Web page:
Registered acupuncturist, Paige Waters, pinpoints just how the ancient technique of acupuncture can improve your health, wellbeing and running performance!
We are constantly pushing our bodies harder and faster, trying to get a better time, a longer distance or a better place than the race before. We sacrifice our sleep, our bodies and our health for the chance to accomplish these goals. As women, we also juggle these goals with family time, domestic duties and hormonal cycles. These are the modern battles we face, and as women we face them with passion and determination. However, would you refuse the chance for some help in preparing our body mentally and physically for these challenges? Acupuncture offers a natural solution.
What is acupuncture?
Acupuncture is one of the techniques used by Chinese medicine practitioners to prevent disease and heal illness. Fine, stainless steel needles are gently tapped into spaces between the muscle, vessels, tendons and bones called ‘acupuncture points’. These points are places of energy (or Qi – pronounced Chee) exchange and communication, and mostly lie on meridians, which connect to the internal organs. According to Chinese medicine theory, your organs can be in a state of balance, deficiency or excess.
Inserting needles at specific points on specific meridians works to correct excess or deficient energy imbalances to alleviate health complaints and maximise your constitutional strengths.
How can acupuncture effect your running?
We all know that exercise is also great for your health but I’m sure it’s no surprise that studies show that intense, extended physical exercise, psychological stress and inadequate sleep can suppress immune responses, increase chance of injury and ultimately affect exercise performance.
One of the most obvious things you will notice leaving an acupuncture treatment is the extreme state of relaxation you experience. Acupuncture reduces sympathetic drive and facilitates restorative functions. It also increases circulation and blood flow to the muscles and skin which helps heal old injuries and reduces the chance of new injuries.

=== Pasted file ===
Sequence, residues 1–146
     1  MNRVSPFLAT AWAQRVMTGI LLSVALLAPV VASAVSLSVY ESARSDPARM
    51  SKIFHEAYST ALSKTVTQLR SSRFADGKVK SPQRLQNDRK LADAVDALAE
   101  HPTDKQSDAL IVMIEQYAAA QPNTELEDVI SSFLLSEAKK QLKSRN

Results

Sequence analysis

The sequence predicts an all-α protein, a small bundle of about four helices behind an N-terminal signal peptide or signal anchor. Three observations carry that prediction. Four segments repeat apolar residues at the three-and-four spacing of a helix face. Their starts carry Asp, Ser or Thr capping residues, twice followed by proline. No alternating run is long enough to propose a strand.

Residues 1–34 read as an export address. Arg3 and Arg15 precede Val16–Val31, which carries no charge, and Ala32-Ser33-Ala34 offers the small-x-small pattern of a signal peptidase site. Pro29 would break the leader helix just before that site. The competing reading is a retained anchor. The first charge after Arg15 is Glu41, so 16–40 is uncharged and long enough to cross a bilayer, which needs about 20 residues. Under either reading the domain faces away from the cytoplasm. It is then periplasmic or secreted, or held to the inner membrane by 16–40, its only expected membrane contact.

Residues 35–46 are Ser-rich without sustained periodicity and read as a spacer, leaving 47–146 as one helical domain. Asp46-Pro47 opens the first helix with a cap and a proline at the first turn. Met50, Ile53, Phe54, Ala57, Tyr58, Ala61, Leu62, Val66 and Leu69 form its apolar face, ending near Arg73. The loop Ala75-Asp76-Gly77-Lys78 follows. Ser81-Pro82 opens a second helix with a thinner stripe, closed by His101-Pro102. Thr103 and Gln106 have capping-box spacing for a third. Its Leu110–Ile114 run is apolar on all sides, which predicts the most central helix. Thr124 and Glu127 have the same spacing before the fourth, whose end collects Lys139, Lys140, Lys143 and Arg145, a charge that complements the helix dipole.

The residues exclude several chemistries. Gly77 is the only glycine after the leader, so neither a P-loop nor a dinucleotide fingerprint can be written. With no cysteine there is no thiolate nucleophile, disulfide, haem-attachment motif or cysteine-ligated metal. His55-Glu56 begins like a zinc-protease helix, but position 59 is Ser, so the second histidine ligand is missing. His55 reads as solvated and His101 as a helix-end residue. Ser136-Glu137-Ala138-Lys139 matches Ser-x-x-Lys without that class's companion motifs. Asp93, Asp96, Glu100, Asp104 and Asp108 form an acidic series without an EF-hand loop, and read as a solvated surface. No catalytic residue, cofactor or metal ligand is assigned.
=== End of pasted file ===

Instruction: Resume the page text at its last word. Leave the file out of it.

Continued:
Sports performance anxiety is commonly experienced by all levels of athletes and can drastically affect race performance. Acupuncturists often use an ear needle or press pellet at a point in the ear called ‘Shenmen’ which has actions that have been likened to the pharmaceutical Valium. This point can stay in place for up to five days and is particularly helpful to have put in place the day before a big race.
Acupuncture is also a great therapy for building a strong immune system. Increased exercise volume has been associated with the suppression of the immune system. Studies have found that increased mileage is a significant risk factor for upper respiratory conditions. Acupuncture increases white blood cell count and other immune parameters for up to 72 hours after the removal of the needles.
The final battle that is specific to women in race performance is the monthly fight with our bodies and our menstrual cycles. Cramping, pain, emotions, bloating and sugar cravings can affect your motivation, race program and overall performance. Acupuncture works really well to balance the energy of your liver, kidney and spleen to regulate hormones, reduce pain and settle emotions.
By incorporating regular acupuncture treatments into your training program, you can reduce your chance of injury, improve your quality of sleep, improve your immunity, alleviate menstrual complaints and reduce sports performance anxiety. Best of all, acupuncture is pain-free, medication free and has minimal side effects, especially when practiced by a qualified practitioner.
Paige Waters is a Registered Acupuncturist and Owner of The Point of Wellbeing on the Gold Coast. Paige also has a Bachelor of Exercise Science, is a beginner runner and is passionate about providing pain free and medication free healthcare.
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